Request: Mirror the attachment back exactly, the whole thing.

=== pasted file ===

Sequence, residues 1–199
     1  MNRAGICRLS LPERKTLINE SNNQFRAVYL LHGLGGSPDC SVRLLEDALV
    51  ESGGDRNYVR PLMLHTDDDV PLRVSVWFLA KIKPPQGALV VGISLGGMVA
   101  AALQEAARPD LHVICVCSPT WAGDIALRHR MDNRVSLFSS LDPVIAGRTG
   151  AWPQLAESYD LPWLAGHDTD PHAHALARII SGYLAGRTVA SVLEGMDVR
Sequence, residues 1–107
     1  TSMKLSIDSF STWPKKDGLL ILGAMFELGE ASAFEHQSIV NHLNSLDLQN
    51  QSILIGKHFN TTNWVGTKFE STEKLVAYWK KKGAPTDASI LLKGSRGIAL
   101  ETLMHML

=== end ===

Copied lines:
Sequence, residues 1–199
     1  MNRAGICRLS LPERKTLINE SNNQFRAVYL LHGLGGSPDC SVRLLEDALV
    51  ESGGDRNYVR PLMLHTDDDV PLRVSVWFLA KIKPPQGALV VGISLGGMVA
   101  AALQEAARPD LHVICVCSPT WAGDIALRHR MDNRVSLFSS LDPVIAGRTG
   151  AWPQLAESYD LPWLAGHDTD PHAHALARII SGYLAGRTVA SVLEGMDVR
Sequence, residues 1–107
     1  TSMKLSIDSF STWPKKDGLL ILGAMFELGE ASAFEHQSIV NHLNSLDLQN
    51  QSILIGKHFN TTNWVGTKFE STEKLVAYWK KKGAPTDASI LLKGSRGIAL
   101  ETLMHML